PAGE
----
So just what exactly has Brocade come up with in its new Data Center Fabric (DCF) that the company announced this week in Las Vegas? It's hard to say at this point, other than that it seems to be the company's response to Cisco's Data Center 3.0 initiative.
The DCF, says internetnews.com, is being built around the "Neptune" Data Center Backbone (DCX), which the company describes as more than a simple director -- a new type of system capable of integrating Fibre Channel, Ethernet, FCoE, FCIP and other protocols under a single fabric. The system is due out by next summer, but details as to exactly how it works are sketchy at this point.
One thing is clear, though. Brocade has seen the writing on the wall and is embracing Ethernet as an effective means of storage networking, after years of pitching itself as the Fibre Channel champion. This doesn't mean the company is giving up on the straight FC play, but rather that a new type of lossless, flow-controlled Ethernet will be needed to support FCoE as it heads into the SMB market.
Indeed, says ComputerWeekly.com, the company is moving forward with Fibre Channel, having recently rolled out new 8 Gb blades for the SilkWorm 48000 directors. The devices will be available in 16-, 32- and 48-port configurations and are intended to lay the groundwork for a series of 8 Gb HBAs due next summer.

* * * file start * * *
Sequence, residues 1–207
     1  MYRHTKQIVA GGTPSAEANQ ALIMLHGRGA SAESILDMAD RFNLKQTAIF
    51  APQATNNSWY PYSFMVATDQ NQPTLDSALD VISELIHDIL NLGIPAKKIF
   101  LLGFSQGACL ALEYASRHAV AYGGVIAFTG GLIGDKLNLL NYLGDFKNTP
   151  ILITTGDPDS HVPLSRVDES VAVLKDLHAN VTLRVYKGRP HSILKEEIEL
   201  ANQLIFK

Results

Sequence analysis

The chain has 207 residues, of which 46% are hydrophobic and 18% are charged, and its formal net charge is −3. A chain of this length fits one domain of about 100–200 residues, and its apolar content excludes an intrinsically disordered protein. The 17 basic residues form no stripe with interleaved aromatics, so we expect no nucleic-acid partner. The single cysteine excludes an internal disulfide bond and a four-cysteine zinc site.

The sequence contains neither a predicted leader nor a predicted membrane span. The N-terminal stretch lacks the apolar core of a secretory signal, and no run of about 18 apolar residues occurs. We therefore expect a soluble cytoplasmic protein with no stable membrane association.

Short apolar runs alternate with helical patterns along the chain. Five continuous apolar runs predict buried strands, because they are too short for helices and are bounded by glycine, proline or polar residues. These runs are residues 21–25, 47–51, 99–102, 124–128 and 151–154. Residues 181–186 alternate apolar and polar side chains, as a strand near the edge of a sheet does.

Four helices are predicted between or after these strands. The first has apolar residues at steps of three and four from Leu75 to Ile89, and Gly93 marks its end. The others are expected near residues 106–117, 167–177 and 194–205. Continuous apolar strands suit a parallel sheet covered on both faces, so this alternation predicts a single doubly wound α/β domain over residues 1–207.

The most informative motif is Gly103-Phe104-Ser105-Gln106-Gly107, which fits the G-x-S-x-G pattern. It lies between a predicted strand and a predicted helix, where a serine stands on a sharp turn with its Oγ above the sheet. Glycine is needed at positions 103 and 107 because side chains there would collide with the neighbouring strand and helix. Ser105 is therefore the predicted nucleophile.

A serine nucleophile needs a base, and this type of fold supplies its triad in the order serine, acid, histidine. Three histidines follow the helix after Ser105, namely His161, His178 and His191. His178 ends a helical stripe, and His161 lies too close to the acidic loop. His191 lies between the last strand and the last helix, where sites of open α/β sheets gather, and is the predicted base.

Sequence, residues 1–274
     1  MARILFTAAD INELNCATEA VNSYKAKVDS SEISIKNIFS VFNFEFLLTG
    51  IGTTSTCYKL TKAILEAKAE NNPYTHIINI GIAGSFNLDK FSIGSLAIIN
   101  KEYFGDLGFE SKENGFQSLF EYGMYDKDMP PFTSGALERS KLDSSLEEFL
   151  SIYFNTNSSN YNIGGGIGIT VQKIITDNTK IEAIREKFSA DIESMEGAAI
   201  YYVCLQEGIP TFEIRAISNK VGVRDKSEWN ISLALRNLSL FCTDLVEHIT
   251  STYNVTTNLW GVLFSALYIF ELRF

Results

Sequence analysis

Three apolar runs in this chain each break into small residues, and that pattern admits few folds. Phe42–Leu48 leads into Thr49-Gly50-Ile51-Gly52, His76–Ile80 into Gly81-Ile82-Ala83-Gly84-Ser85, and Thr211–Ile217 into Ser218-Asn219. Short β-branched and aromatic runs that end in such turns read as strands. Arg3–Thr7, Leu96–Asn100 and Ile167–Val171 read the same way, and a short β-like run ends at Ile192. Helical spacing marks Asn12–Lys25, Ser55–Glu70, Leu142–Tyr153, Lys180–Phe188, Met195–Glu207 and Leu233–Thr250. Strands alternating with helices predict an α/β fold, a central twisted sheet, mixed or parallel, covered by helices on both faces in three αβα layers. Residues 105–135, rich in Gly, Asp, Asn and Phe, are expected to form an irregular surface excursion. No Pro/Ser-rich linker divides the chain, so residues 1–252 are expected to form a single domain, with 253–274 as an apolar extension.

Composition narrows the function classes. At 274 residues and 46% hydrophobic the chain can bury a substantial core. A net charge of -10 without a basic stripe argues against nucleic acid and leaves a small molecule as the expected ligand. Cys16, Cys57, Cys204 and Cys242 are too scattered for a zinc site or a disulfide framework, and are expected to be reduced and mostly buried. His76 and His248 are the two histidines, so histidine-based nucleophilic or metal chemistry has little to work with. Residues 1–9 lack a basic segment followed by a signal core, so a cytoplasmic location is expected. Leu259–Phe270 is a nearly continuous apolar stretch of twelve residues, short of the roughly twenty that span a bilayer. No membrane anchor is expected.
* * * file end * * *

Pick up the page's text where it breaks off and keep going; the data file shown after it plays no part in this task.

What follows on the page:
Byte and Switch says the company is also planning a series of upgrades to its IP-based File Area Network (FAN) line, as well as expanded management tools for SAN products. Expect to see a series of formal announcements over the next few months.
One would have to expect that virtually all of Brocade's new products will be tied together under the DCF architecture, so we're probably looking at the genesis of the Brocade strategy for the next half-decade at least. And you have to hand it to the company's marketing department for wetting the whistle of the IT community first before launching a full-scale media blitz.
And now that Brocade, Cisco and others are devising these all-in-one data center fabrics, enterprises will find it even easier to mix and match the various networking protocols to suit their particular needs.